all of the assets are distributed, the Personal Representative may be in

trouble and held personally liable for the debt.

☐________ As part of the probate process, all family members within a certain degree

of kinship must be contacted, whether or not they receive assets from the

estate of the Decedent.

☐________ In handling the affairs of the Decedent, do not be quick to make

distributions to family members or friends of the Decedent. Important

choices need to be made concerning such distributions and, of course, they

need to be in compliance with the will or other instructions left by the

Decedent, not to mention any applicable tax laws.

☐________ The income taxes of the Decedent for the year of death need to be filed, and

any tax due must be paid. If there is a surviving spouse, the surviving

spouse and Decedent can file a joint return for the year of death.

☐________ If there is a trust, particularly a Revocable Living Trust, it will become

irrevocable at the time of death, if not before. A separate tax return, Form

1041, Fiduciary Income Tax Return, needs to be filed for the Trust or the

estate of the Decedent if income is received by the estate of a trust.

☐________ If there are minor children and the will provides for a guardian, then the

guardian needs to be informed and the children need to be placed in the

care of the guardian. If there are minor children and no guardian is

appointed, or if there is no will, then the court must appoint a guardian.

☐________ If there is real estate that is insured, the Personal Representative should

make sure that the insurance policies on the properties of the Decedent are

maintained.

☐________ Be deliberate and do not be hasty with decisions or distributions. The death

of someone, particularly a family member or friend, is stressful and often if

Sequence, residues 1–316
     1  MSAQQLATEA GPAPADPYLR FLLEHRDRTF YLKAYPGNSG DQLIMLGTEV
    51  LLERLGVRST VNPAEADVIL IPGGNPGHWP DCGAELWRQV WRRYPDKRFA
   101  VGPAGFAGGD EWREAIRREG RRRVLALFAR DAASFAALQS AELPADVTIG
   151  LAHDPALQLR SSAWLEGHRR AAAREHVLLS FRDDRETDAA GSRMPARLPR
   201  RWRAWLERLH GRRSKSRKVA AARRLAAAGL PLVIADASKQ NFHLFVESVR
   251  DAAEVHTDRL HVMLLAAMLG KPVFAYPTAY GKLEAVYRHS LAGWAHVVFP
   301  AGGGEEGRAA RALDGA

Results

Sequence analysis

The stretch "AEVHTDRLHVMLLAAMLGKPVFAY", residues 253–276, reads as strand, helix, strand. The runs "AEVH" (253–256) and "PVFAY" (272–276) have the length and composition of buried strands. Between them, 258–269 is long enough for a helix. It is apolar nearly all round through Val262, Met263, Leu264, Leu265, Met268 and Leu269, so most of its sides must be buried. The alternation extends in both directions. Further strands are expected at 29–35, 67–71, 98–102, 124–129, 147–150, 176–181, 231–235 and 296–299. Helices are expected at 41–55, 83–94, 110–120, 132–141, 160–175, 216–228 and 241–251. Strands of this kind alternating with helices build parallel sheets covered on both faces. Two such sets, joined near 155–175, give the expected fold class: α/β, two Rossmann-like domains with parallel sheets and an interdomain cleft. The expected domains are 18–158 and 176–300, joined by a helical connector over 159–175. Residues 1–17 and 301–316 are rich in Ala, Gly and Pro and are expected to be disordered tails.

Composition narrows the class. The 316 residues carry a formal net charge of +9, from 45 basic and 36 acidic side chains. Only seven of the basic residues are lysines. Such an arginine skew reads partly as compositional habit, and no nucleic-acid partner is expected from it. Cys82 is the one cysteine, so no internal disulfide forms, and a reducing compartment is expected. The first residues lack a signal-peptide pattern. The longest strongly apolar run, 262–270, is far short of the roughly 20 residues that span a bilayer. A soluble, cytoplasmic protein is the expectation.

there are children of the Decedent around during the course of the final

illness, there may be disputes regarding the treatment or other problems

related to declining physical or mental abilities of the parent. Stated

differently, it is a time of frazzled nerves and irritable people, so be very

careful not to create schisms which can last for a very long time.

☐________ Watch out for people who prey upon families of Decedents. There are

people who look for death notices and make unfounded claims against the

Decedent. Some may also attempt to burglarize the home during the

funeral service. Be cautious about such matters; have someone stay at the

home during the funeral service and do not easily accept the claims of

unknown individuals that lack documentation.

☐________ If there is a surviving spouse, make sure veteran’s benefits or other “joint

and survivor” benefits are collected by the surviving spouse.

 

While this list is rather extensive, no list can be 100% complete, so there is bound to be some situation that has been overlooked or not adequately treated. This list is intended to be used as a resource only for Catholic Burial Plan families. A much more comprehensive list is available from Catholic Cemeteries of Northeast Kansas. Contact:

Catholic Cemeteries of Northeast Kansas at 913-344-7527 or www.cathcemks.org for more on this insight on how to receive your personal copy of this comprehensive list.